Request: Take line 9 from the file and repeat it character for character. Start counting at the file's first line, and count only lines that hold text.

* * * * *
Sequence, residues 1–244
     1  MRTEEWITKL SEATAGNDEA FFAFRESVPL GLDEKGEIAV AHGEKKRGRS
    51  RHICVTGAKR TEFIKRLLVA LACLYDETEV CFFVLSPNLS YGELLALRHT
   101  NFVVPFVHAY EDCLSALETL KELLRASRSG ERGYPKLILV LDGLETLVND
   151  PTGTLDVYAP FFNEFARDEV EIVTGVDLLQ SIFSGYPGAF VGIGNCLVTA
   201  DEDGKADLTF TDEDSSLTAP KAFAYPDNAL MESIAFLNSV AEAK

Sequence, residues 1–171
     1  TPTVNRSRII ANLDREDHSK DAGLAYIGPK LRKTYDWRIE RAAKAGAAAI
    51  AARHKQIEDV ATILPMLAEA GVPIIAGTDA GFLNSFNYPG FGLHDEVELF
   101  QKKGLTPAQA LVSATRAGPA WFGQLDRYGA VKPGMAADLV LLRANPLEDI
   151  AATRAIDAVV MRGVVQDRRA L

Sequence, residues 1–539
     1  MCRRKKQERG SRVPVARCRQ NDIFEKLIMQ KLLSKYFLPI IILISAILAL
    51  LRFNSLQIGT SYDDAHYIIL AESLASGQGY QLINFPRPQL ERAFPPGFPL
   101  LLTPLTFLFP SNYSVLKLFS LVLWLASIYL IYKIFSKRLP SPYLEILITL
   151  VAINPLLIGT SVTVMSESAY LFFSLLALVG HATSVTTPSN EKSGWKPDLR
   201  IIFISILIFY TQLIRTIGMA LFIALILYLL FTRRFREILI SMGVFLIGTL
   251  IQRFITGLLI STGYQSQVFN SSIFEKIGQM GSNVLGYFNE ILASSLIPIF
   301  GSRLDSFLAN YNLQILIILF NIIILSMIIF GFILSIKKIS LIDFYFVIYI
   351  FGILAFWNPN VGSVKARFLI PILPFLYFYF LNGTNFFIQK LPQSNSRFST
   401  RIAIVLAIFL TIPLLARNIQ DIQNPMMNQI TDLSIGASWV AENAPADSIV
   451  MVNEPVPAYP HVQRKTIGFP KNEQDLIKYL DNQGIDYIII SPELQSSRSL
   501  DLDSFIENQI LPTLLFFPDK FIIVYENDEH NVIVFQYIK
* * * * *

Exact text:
    51  AARHKQIEDV ATILPMLAEA GVPIIAGTDA GFLNSFNYPG FGLHDEVELF